Eczema is a general term used to describe an inflammation of the skin with can cause itching, oozing, weeping, crusting or scaling. Even though there are several different kinds of eczema, in a pediatrician’s office, you will often hear the terms “eczema” and “atopic dermatitis” used interchangeably. The symptoms of eczema are caused by a combination of inflammation, as well as a defect in the layers of the skin that are supposed to protect the skin from irritants/bacteria and keep skin moisturized. The result is VERY ITCHY SKIN!
Signs and symptoms of eczema generally show up in infancy or toddlerhood. It also tends to run in families. Most people outgrow it by age 10, but a certain percentage of people will continue to have flares throughout adulthood. It tends to be a chronic issue for most people, which means it can come and go for several years.
The most common places on the body to get eczema in infants is on the cheeks and scalp. For toddlers and older children, it tends to affect the creases behind the elbow, behind the knee, legs, and neck. It can look red, dry, dark brown, “goose-bumpy”, scaly, and can cause skin darkening or even skin lightening in some people. People with atopic dermatitis are at higher likelihood of having allergies (food and environmental) and asthma.
There are some things that can trigger eczema flares or make them worse, and these things should be avoided by people with eczema. These include:
- Skin irritants such as dyes and fragrances in skin products
- Certain foods like dairy, nuts, eggs, soy, wheat, especially if the person has an allergy to these foods
- Extremes of temperature and humidity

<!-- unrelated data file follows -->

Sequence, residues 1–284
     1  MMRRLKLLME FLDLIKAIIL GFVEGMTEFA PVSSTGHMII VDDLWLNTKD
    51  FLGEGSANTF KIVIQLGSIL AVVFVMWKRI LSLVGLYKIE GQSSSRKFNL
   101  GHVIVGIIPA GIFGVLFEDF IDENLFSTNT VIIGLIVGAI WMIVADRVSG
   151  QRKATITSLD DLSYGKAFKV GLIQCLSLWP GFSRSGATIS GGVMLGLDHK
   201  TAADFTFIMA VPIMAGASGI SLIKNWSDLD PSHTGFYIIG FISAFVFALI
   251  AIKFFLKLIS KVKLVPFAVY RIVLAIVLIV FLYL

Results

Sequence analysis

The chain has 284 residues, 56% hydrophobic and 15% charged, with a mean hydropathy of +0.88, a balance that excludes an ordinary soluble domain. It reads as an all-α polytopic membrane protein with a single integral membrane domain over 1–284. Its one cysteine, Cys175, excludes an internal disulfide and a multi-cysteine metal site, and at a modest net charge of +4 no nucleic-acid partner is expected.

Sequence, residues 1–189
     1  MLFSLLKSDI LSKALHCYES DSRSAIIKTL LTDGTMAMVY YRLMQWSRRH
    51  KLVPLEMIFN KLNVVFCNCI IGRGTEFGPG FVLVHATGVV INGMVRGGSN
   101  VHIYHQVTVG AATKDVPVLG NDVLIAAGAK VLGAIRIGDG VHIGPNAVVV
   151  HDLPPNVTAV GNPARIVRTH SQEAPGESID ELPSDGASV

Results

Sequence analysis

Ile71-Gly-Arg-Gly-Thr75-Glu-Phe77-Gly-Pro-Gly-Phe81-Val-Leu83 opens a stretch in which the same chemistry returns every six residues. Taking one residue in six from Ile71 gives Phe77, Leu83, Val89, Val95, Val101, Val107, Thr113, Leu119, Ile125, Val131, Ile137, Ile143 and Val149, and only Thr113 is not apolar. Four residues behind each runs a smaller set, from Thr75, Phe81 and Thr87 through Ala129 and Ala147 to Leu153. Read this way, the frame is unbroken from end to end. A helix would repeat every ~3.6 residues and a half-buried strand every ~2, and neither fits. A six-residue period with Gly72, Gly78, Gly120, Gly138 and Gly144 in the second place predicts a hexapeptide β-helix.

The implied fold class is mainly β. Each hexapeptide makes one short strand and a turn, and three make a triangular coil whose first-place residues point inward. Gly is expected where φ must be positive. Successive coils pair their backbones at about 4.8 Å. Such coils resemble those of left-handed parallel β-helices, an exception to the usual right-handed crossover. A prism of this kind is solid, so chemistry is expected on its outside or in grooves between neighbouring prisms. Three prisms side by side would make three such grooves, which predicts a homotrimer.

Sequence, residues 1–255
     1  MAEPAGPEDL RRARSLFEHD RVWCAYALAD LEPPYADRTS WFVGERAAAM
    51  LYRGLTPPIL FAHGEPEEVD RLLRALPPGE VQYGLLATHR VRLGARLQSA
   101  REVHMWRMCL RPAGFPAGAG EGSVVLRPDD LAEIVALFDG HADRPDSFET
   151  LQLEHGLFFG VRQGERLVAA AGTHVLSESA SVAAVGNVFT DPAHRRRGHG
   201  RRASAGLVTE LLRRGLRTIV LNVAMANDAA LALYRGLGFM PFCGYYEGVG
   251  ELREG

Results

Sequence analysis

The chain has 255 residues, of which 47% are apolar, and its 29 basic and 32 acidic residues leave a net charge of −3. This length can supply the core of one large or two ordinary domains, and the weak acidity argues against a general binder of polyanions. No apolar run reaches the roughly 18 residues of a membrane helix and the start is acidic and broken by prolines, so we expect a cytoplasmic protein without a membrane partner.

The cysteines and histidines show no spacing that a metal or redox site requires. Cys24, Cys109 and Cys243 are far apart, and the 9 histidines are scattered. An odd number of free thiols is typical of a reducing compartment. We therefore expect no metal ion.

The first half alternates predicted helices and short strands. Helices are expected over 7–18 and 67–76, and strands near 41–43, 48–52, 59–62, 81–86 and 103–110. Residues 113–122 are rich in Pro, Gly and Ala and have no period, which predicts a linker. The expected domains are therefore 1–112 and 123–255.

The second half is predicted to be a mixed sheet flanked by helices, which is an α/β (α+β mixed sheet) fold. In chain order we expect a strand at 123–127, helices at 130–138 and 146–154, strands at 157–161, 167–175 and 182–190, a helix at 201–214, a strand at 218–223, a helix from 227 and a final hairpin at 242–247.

- Hormones (especially in women)
- Illnesses (for example, colds and respiratory infections)
There is no specific test to diagnose eczema, nor is there a cure. The key to managing eczema is to keep the skin well moisturized, keep the itching at bay for the comfort of the patient, and decreasing the inflammation of the skin. Also, skin that is affected by eczema is more prone to getting infected with bacteria, so it is important to watch for signs of infection.
The mainstays of managing eczema and avoiding flares include:
- Avoiding irritants or known allergens that may trigger flares (use unscented, dye-free skin products, soaps, lotions, laundry detergents)
- Keeping the skin well moisturized with a thick emollient, and applying it when the skin is still damp (like after a bath)
- Using over-the-counter or prescription anti-inflammatory creams (as recommended by your doctor!), such as hydrocortisone, Desonide, Triamcinolone, or other anti-inflammatory creams/ointments that may be given by your physician depending on the severity of the eczema
- Trying to control the itch by either cool compresses or an oral antihistamine (also, only if recommended by your physician!)
- Antibiotics if the skin gets infected.
- Wear natural, soft fibers such as cotton (avoid itchy wool!)
Interesting fact: some recent studies have shown that introducing fish into a child’s diet before age 12 months can reduce the risk that the child will develop eczema or wheezing in later months!
Eczema can usually be diagnosed by a physician by simply looking at the rash in the office. Sometimes, allergy testing is performed in children to figure out potential allergic triggers that may be exacerbating the eczema. In more serious cases of eczema, your physician may choose to refer you to a specialist for further treatment (dermatologist or an allergist).